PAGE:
The Kendal Scars.

Start. Kendal (Queen's Road)

Route. Kendal (Queen's Road) - Tram Heights - Kettlewell Crag - Cunswick Fell - Underbarrow Road - Scout Scar - Bradleyfield - Bradley Field Farm - Brigsteer Road - High Tenterfell - Queen's Road.

Notes. Just south of the volcanic chaos that is the English Lake District, rising between the valleys of Lyth and Kent is a stunning limestone escarpment, Scout Scar and it’s lesser known neighbour Cunswick Scar. To the east a patchwork of limestone pastures rise from the Kent valley, to the west sheer cliffs plunge into Lyth Valley. It’s a very special place this plateau above the scars, a Site of Special Scenic Interest, in 2005 it was included in the Special Area of Conservation, Morecambe Bay Pavements which includes other limestone escarpments in Cumbria.

Old Wainwright described it as “a walk above others, a pleasure every step of the way”, the late A Harry Griffin announced “this (Scout Scar) must surly be one of the finest view points in England”. So come along on this wet and windy day, the forecast promised sunshine and showers, I got the showers the sunshine was over Morecambe Bay not so many miles to the south.

After parking on a small car park just off Queen’s Road I followed a tarmac lane up the hill, this is locally known as The Tram Heights, the track bed of a tram way that carried limestone from the small quarry under Kettlewell Crag to be used in the building of Kendal Prison (long gone). Tarmac soon gave way to a muddy path and to take my mind off the clag stunning views. After passing a small cops I turned sharp left, good paths then ushered me over Kendal Golf Course to a fine footbridge spanning Kendal By-pass, I crossed then continued following an obvious path to a large cairn, the summit of Cunswick Fell.

The summit wasn't a place to hang around today, with heavy rain blowing in from the south west I turned into the deluge, I headed south hoping Scar Wood would provide some mediocre of shelter. After just over a mile of wet walking I emerged at the Scout Scar car parks (such is the popularity of the place it has two), directly across the road the path that would guide me to the summit of Scout Scar.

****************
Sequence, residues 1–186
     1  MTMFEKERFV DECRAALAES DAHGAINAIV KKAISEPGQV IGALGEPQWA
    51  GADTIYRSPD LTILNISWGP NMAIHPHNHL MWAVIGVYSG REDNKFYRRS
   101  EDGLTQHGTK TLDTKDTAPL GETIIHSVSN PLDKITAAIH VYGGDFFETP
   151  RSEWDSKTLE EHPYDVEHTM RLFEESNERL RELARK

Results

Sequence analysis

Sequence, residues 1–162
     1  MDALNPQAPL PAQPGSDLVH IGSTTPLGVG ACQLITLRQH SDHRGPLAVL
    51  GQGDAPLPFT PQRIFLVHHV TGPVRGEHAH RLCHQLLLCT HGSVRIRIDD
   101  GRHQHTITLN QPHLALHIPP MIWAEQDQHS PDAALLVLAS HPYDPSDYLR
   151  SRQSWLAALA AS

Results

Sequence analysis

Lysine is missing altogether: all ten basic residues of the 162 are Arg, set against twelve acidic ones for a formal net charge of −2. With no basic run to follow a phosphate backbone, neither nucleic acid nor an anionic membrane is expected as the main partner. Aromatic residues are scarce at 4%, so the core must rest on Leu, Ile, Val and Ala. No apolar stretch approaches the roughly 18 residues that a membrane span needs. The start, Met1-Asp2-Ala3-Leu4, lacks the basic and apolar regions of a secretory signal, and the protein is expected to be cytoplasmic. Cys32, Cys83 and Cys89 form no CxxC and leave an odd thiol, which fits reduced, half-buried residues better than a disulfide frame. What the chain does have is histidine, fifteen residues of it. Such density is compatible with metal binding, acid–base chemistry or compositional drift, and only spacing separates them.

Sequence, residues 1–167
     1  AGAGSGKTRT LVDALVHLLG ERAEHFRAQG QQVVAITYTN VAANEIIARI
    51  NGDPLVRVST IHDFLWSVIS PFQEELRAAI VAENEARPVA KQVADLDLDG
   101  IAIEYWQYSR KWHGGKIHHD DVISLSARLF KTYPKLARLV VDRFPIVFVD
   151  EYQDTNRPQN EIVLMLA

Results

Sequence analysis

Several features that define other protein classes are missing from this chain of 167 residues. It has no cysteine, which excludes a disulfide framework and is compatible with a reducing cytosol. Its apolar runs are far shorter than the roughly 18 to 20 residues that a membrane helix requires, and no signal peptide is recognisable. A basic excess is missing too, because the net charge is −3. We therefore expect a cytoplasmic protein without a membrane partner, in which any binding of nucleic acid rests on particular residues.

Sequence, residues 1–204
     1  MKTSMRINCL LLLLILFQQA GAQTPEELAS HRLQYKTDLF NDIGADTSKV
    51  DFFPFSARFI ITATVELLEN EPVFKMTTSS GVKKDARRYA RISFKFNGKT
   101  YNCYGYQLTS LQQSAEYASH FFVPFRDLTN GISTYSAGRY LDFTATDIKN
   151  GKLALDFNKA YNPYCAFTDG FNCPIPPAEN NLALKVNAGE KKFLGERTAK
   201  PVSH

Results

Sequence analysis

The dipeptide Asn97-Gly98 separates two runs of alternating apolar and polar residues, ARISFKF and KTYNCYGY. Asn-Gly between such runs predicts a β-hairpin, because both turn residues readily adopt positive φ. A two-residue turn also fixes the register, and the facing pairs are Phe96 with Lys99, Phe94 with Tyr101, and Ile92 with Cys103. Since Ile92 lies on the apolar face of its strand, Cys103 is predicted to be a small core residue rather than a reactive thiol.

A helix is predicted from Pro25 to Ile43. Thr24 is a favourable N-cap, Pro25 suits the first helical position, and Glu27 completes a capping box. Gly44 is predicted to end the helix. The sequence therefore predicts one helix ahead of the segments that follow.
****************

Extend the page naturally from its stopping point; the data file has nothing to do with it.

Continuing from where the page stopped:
With a wide well trod path under foot I climbed the hill, the edge of the cliffs then guided me passed the Mushroom a popular local landmark, above Hodgson’s Leap to a dry stone wall, here I turned my back on the dizzy drops and wet vistas. Keeping the wall to my right I climbed towards the trig point to join another wall running north along the escarpment, this in turn guided me to a metal kissing gate, I passed through to enter Bradleyfield.

The descent that followed passed through rough pastures and scrub, with a dry stone wall to my left a muddy path under foot I soon reached Bradley Field Farm, the path guided me passed the farm buildings depositing me on the access drive, this in turn lead to Brigsteer Road and the start of the descent back into Kendal. Via Brigsteer Road, Bankfield, and High Tenterfell Road I made my way to Queen’s Road and the small car park where I’d left the car.

view route map.


Views over Kendal with Whinfell Common under cloud.

Seen beyond the green fields of Kentdale the mouth of Longsleddale.

Seen from Kendal Fell, Hayclose and Windy Hill with sunlight on Armistead Windfarm far right.

Farleton Fell through diffused light, seen from near the summit of Cunswick Fell.

Rising from the flatlands of Lyth the limestone escarpment of Whitbarrow.

Looking back to Cunswick Fell from the ascent of Scout Scar.

Wild skies with dancing showers washing the landforms of South Lakeland.

The timeless beauty of Lyth Valley.

Taking in the view from above the Scout Scar cliffs, Arnside Knott and the upper reaches of Morecambe Bay.

Drinking in views to the North, Staveley and the mouth of the Kentmere valley.

Laying under a dark cloud, Whitbarrow.

Showers sweeping across the mouth of Lyth Valley.

Descending through Bradleyfield, with this wall and track for company and views to Benson Knott.

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